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What is a Thermoset?

Posted by Marc Imbrogno on Mar 29, 2017 11:15:00 AM
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ThermosetPart2.pngThe term thermoset describes a polymer-based material that is insoluble and non-melting. This is in contrast to a thermoplastic material, which is generally soluble and can be melted. While both types of materials can be classified as polymers, the primary difference lies in their structures. In a thermoset, a pre-polymer, or backbone, resin is reacted with a crosslinking agent under heat and pressure to form a crosslinked network. Thermoset network formation can also be achieved without heat and pressure by using radiation or room temperature initiators / promoters. Conversely, thermoplastic materials do not contain a crosslinked network – a difference that has many implications and forms the basis for general use profiles of these two classes of polymer materials.

The most recognizable difference between the two major classes of materials is that thermoplastic materials can be re-shaped, re-formed, and recycled even after they have been processed [molded, extruded, etc.]. This malleability stems from the fact that the change a thermoplastic material undergoes when being processed is physical. For example, think of a thermoplastic material as a wax candle. The candle is solid, can be formed into myriad shapes, and has its own unique properties. This same candle can also be melted and re-formed into a vastly different shape while generally retaining the same properties. The opposite is true for a thermoset material. When processed, a thermoset material undergoes a chemical change; that is, a chemical reaction occurs as the crosslinking agent chemically bonds to the polymer backbone resin. Once this bonding occurs, the material cannot be melted, reprocessed, or re-formed. The presence of a chemically bonded network imparts very desirable properties, which is why thermoset polymers are the material of choice in many applications.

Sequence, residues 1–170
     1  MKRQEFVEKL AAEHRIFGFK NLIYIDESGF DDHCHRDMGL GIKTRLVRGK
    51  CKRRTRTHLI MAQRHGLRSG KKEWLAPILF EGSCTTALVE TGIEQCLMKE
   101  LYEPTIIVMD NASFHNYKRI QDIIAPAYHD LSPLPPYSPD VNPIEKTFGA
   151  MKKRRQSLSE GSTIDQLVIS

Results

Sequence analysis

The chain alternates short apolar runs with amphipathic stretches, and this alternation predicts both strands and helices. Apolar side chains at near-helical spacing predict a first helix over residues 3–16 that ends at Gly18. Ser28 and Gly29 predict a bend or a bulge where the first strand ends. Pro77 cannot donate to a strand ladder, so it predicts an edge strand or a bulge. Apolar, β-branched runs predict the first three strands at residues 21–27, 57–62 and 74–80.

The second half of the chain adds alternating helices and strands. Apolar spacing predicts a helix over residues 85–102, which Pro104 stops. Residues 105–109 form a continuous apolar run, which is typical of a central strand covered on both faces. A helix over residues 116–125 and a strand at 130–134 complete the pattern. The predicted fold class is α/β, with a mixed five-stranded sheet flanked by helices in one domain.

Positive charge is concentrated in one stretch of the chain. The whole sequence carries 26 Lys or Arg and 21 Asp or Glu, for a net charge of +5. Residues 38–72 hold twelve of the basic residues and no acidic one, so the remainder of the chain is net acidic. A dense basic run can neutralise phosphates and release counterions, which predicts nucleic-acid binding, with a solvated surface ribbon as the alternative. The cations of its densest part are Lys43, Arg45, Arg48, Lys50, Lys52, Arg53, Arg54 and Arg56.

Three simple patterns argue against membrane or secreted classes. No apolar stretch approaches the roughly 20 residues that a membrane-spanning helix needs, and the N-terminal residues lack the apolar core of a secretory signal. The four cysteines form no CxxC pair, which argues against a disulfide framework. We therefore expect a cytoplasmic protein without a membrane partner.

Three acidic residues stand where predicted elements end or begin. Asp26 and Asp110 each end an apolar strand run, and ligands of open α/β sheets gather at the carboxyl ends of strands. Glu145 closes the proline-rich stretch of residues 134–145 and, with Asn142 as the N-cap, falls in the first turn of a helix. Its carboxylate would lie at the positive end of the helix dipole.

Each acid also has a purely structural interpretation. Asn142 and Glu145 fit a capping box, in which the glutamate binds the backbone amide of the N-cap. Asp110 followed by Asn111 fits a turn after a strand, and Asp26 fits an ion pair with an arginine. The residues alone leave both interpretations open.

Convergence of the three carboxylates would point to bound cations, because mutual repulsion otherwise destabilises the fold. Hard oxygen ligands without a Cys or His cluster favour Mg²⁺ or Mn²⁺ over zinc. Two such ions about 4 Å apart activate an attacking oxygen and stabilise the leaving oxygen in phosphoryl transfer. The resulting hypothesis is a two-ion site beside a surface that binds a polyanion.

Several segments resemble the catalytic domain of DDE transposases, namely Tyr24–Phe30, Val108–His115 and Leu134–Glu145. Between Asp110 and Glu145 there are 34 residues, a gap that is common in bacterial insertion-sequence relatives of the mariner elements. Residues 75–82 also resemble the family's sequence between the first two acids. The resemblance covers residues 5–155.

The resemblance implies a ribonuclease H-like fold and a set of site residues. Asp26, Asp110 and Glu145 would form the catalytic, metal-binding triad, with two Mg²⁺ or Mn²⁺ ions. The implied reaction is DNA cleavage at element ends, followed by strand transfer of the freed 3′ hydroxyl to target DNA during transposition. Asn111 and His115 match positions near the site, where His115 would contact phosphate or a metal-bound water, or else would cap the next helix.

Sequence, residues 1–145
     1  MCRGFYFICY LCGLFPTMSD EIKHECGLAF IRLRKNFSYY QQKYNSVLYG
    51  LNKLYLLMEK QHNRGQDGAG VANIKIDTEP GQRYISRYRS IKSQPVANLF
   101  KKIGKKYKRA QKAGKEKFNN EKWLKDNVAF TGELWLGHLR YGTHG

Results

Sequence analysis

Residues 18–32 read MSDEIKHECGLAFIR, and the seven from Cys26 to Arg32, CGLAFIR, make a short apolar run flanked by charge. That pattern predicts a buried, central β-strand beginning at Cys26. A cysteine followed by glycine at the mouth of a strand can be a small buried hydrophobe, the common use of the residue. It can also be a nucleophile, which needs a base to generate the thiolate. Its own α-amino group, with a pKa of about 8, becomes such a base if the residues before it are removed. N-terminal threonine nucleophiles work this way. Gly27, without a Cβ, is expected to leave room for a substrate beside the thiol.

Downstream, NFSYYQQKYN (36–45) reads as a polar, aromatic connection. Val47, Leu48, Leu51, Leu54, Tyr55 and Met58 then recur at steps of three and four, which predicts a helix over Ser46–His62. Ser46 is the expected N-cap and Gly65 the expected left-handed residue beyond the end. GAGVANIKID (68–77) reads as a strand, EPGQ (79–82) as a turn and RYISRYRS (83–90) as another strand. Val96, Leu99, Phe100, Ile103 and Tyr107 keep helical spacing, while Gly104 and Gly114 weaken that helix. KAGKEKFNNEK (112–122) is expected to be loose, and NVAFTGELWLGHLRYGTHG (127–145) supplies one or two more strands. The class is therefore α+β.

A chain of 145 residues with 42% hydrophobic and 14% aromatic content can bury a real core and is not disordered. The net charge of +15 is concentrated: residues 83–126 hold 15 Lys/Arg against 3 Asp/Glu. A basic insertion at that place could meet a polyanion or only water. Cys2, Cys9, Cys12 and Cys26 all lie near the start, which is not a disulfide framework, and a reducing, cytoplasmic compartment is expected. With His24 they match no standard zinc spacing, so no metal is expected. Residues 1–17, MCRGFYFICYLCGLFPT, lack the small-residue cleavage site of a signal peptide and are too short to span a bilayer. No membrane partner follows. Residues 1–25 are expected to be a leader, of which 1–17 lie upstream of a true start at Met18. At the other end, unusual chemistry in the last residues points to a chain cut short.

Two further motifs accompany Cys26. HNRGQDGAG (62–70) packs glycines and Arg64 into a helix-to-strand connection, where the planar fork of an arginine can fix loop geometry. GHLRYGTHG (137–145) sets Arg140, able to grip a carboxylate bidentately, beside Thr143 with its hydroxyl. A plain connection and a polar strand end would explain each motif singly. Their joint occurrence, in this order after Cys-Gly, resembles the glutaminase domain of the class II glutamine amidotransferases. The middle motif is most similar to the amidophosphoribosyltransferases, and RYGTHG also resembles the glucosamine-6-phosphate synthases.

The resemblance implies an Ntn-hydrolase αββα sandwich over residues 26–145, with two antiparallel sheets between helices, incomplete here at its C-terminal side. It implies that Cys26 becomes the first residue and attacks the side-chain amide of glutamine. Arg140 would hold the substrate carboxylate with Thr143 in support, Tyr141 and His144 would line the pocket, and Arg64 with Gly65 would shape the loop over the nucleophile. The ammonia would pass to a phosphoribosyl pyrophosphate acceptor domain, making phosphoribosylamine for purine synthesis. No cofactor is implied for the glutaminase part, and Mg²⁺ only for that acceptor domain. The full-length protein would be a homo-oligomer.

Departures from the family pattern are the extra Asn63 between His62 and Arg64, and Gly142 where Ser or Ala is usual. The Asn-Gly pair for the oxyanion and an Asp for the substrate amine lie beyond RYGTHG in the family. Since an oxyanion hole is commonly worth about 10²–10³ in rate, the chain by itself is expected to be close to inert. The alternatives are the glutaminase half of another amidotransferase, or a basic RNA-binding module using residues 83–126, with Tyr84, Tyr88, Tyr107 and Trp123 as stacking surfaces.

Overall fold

Regarding properties, thermoset materials are in general stronger than thermoplastic materials due to the network described above. They are also typically higher in modulus, or stiffness, and have unique deformation responses when subjected to mechanical loading. Furthermore, the crosslinked nature of thermosets gives them superior temperature stability and enables them to display a generally stable property response over a much broader temperature range than the range displayed by thermoplastics.   Since the covalent bonds between polymer chains in a thermoset cannot be easily broken, they can perform in chemical / corrosive service environments, and consequently are widely used in the chemical, energy / mining, and wastewater industries.

Unlike thermoplastic materials, thermoset systems offer much broader custom formulation flexibility. Whether using reinforcing fibers, functional fillers, or performance-enhancing additives, the rheological nature of thermosetting base polymers enables a much higher loading of additives. This higher loading potential allows for broader custom compound formulation and more tailorable properties – and hence a higher level of functionalization. This ability to achieve a high level of customization gives both the specifying engineer and the manufacturer a range of thermoset options to conquer any performance challenge.


Topics: Thermoset Composites